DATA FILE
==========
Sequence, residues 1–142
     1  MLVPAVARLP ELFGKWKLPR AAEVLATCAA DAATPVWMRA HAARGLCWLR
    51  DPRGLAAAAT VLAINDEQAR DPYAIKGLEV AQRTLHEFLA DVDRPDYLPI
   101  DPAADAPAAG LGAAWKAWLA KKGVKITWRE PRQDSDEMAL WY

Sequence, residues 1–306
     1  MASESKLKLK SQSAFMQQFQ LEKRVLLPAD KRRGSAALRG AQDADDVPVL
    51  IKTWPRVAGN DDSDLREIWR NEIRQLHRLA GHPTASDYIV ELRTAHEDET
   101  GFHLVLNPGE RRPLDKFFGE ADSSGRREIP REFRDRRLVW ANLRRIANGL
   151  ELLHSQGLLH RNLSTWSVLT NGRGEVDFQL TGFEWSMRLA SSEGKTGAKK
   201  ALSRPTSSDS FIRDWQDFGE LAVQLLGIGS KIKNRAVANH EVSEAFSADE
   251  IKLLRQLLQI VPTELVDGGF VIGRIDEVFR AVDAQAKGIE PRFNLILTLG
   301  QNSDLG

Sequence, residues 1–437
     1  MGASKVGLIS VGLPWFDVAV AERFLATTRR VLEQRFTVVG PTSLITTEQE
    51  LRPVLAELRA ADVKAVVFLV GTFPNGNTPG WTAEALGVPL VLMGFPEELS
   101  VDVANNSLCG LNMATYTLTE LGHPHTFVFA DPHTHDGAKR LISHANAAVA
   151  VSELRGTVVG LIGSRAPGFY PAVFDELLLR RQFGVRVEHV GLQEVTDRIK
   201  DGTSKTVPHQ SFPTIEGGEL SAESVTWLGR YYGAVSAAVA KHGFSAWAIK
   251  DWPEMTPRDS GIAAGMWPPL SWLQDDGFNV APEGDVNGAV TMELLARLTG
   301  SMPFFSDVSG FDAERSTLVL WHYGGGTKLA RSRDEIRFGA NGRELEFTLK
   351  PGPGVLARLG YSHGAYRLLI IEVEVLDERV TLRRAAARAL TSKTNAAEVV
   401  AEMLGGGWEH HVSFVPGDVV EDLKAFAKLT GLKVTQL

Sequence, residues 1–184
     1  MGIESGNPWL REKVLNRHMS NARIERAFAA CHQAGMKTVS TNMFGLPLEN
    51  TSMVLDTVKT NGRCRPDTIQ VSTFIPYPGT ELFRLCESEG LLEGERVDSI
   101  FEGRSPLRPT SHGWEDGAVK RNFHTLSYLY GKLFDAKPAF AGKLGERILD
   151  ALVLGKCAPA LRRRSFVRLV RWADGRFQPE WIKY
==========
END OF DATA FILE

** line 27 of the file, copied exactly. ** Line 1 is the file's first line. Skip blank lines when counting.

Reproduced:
   151  ALVLGKCAPA LRRRSFVRLV RWADGRFQPE WIKY